Csóromfölde is the highest point on the risel by Vigandpetend, a village in the Balaton Highlands Region in Hungary. The closest manor is Csórompuszta, place of previous Hellowood camps, only 500 meters from our building site.

We will inhabit the settlement of Csóromfölde for the 8th time. Lets live, eat, work, lecture, debate, party in our village together again.


Csóromfölde was established approximately in the 16th century, when the Choron Family took ownership of the land from Benedictine monks. In the 16th century the Choron family’s huszar troops fought frequent battles in the area against the South Western battalions of the Ottoman army. It has never become an independent village, remained a freehold farmstead until it was granted the hamlet status in 1757, when the aristocratic Esterházy family took over the ownership. The inhabitants were peasants and cottars, who cultivated crops, mostly barley and oat. They were Catholic Hungarians, but the hamlet never had a church or a chapel. The population reached its highest peak during the 1757 census, when they counted 68 adults and children.

In 1941, the last owner of Csórompuszta, Ladyship Margit Esterházy issued the parcelling of all the 270 acre estate and sold it at a reasonable rate for the smallholders of Kapolcs and Vigántpetend. Following the 50s’ collectivisation, the inhabitants moved out and the buildings started to decay. Moreover, the families who moved out, were offered to use the demolition material of Csóromfölde for their new building constructions. Over the years almost all the building materials have been taken off site and were reused. Currently we can only see the foundation stones of one former building.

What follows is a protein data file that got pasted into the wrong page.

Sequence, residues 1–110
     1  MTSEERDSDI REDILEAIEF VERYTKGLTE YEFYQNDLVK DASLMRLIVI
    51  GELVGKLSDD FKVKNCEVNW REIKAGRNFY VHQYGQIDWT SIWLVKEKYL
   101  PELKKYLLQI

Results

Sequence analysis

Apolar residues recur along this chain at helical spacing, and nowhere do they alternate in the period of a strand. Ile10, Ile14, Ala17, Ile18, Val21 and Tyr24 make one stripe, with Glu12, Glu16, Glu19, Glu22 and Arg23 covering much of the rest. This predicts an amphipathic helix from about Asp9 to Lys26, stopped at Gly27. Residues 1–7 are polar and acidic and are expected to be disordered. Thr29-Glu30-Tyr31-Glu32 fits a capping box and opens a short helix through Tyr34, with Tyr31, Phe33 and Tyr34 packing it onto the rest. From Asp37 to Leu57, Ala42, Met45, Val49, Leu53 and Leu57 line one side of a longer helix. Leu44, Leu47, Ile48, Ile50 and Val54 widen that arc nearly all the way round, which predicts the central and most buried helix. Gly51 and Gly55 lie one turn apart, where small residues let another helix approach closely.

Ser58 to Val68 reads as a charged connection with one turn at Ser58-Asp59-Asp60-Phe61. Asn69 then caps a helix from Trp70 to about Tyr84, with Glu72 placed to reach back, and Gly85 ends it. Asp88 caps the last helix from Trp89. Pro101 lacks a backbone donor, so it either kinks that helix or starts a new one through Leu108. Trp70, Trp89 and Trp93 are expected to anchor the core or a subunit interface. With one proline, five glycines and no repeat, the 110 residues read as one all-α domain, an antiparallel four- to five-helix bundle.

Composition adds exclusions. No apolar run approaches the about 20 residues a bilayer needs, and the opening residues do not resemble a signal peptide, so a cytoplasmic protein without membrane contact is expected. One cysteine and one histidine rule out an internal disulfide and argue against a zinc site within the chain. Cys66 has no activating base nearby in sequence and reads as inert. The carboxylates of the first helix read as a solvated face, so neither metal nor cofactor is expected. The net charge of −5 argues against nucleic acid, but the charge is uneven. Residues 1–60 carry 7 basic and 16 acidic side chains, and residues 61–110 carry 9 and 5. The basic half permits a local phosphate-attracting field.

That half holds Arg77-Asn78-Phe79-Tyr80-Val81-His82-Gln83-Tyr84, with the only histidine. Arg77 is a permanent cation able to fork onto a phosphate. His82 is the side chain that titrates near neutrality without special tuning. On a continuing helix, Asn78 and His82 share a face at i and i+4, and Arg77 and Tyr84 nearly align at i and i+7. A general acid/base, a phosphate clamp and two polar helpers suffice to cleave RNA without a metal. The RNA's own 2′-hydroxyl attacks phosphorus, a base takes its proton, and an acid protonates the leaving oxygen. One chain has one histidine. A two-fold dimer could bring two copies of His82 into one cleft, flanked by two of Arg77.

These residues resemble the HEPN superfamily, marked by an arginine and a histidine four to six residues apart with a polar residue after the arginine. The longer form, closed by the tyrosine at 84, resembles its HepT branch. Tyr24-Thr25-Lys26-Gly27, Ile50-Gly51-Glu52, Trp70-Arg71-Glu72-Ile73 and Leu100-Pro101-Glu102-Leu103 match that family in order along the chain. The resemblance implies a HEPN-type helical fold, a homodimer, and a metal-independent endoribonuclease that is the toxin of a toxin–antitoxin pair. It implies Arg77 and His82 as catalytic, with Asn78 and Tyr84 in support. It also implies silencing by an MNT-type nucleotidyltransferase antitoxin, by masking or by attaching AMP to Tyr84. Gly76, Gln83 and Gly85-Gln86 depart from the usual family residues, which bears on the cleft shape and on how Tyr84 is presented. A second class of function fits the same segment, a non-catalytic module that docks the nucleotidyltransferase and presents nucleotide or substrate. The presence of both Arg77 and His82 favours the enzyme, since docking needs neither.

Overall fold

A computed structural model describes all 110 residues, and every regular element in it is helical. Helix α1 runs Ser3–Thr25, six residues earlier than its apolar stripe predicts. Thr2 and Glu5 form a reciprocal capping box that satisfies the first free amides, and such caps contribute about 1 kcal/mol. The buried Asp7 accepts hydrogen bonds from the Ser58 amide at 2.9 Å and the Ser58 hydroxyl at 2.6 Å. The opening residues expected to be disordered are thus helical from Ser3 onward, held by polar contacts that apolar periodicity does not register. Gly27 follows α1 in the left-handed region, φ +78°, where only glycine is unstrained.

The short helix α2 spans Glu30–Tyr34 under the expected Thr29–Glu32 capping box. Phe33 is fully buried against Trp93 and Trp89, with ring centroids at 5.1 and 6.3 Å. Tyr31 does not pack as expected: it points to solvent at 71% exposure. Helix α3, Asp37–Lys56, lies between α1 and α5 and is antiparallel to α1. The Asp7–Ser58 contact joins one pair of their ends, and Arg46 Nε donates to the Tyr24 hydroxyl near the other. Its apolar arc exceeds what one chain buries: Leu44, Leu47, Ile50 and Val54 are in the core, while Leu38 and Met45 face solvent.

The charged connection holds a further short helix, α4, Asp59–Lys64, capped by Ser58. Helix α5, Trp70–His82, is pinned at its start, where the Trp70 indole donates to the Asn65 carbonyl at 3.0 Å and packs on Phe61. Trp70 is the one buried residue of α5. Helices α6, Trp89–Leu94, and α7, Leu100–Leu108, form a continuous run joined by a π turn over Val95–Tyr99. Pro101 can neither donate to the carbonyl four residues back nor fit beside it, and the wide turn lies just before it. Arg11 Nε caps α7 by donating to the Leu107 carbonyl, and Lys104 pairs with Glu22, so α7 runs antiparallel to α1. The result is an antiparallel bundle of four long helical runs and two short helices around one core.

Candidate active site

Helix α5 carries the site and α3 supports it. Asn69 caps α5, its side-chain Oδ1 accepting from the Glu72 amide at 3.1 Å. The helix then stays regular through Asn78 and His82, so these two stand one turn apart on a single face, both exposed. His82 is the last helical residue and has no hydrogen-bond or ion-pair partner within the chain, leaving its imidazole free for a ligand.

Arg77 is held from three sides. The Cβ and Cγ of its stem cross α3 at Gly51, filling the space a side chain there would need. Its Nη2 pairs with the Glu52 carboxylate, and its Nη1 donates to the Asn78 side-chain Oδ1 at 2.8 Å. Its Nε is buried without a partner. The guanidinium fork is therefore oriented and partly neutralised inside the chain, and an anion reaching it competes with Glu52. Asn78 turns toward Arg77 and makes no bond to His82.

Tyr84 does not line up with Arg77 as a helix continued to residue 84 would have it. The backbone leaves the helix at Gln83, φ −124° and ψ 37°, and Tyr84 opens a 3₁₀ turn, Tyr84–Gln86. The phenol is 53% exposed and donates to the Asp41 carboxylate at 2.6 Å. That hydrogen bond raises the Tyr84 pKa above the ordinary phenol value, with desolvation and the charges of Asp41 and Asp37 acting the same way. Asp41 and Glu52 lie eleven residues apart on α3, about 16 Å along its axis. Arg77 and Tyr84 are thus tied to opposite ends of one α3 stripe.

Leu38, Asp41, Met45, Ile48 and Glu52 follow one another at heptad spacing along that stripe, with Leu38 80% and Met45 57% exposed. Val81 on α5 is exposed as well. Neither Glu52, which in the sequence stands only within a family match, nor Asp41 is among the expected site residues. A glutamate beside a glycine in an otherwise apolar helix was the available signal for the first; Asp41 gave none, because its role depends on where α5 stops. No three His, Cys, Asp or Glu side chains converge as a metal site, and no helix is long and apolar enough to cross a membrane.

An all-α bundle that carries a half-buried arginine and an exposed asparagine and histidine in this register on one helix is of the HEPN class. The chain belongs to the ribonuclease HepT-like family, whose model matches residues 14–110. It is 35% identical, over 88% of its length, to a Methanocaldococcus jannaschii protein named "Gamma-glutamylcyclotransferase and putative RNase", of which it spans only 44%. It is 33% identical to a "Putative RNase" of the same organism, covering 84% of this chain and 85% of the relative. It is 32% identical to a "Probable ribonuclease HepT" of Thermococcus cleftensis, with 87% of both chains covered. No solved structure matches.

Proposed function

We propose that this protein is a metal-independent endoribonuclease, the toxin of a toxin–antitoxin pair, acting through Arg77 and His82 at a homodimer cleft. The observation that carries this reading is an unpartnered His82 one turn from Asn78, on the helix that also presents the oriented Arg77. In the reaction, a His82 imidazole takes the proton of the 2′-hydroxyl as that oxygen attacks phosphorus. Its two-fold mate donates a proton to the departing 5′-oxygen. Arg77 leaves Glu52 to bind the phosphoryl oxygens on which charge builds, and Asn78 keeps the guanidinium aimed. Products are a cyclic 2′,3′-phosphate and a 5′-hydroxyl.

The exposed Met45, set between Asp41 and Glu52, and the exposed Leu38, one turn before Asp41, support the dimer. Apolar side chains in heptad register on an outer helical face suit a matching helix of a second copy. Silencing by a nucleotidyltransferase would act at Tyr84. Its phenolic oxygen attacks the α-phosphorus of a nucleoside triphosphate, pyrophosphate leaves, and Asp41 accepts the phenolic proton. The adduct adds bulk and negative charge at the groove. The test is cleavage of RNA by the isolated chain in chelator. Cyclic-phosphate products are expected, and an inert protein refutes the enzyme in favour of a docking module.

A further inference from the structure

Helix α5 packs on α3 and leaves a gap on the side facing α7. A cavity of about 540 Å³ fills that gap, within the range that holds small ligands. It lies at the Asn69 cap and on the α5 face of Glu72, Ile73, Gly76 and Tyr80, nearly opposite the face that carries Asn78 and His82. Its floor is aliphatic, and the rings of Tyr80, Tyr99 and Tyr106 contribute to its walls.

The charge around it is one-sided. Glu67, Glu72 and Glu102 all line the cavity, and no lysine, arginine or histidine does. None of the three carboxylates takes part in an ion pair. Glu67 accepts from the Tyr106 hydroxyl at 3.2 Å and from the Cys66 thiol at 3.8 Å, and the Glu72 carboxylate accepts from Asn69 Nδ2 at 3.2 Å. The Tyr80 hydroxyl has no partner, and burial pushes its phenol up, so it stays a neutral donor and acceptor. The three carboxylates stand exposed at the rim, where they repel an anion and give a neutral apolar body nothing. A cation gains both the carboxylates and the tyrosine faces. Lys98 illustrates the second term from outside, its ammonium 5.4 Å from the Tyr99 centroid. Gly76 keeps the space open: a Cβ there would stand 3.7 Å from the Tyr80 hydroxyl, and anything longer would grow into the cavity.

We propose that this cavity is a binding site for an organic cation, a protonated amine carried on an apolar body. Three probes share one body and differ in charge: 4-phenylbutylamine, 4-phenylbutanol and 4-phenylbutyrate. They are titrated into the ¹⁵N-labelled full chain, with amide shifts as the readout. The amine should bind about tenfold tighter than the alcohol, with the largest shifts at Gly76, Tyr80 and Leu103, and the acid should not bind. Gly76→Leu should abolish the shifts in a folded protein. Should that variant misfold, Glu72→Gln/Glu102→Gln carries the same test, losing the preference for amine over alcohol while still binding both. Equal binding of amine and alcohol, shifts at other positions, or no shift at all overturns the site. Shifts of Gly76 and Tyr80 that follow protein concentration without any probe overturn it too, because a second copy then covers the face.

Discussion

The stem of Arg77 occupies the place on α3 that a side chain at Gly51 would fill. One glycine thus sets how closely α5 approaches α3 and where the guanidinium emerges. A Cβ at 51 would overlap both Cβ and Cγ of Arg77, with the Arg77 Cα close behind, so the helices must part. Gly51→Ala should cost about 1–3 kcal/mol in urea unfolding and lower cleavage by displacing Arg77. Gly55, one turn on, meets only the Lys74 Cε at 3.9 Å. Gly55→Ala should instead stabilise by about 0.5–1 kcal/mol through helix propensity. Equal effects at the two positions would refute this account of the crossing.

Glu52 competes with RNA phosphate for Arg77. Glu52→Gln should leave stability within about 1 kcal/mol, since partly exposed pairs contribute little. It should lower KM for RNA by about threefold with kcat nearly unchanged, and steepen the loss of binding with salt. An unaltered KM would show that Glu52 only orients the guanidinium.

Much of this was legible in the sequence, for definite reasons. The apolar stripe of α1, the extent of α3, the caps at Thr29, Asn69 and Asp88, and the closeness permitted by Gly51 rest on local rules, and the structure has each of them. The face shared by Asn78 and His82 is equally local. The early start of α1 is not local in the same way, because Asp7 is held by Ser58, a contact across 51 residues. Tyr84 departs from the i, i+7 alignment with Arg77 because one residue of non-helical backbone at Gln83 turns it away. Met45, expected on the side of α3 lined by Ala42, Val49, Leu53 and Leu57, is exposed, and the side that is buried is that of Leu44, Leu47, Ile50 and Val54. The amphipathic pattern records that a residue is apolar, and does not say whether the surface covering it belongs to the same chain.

The indigenous flora of the area is generic hardwood forest that mainly consists of Acorn and Ash trees. The underwood is thin on species, and is characterised by dry grass, mixed with planted wild rose shrubs. The native tree colonies got diversified with planted fast-growing species, such as Acacia trees, that currently characterise the flora. The main soil type of the area is loess, mixed with Brown Earth typical of the region. The bedrock is igneous.


Still visible

— foundation, base stones of one former dwelling, 60 cm tall— former well, used as burial place for animals after the 50s. (this is technically outside of our site, but used to be the symbol and pride of the hamlet, characterised as the “star shape well” in old manuscripts)

— the dip on the South East corner of the site suggests a catchment basin that could have been used as a drinking trough for the animals

— the catchment basin is connected to the ditch (only parts of it remained)

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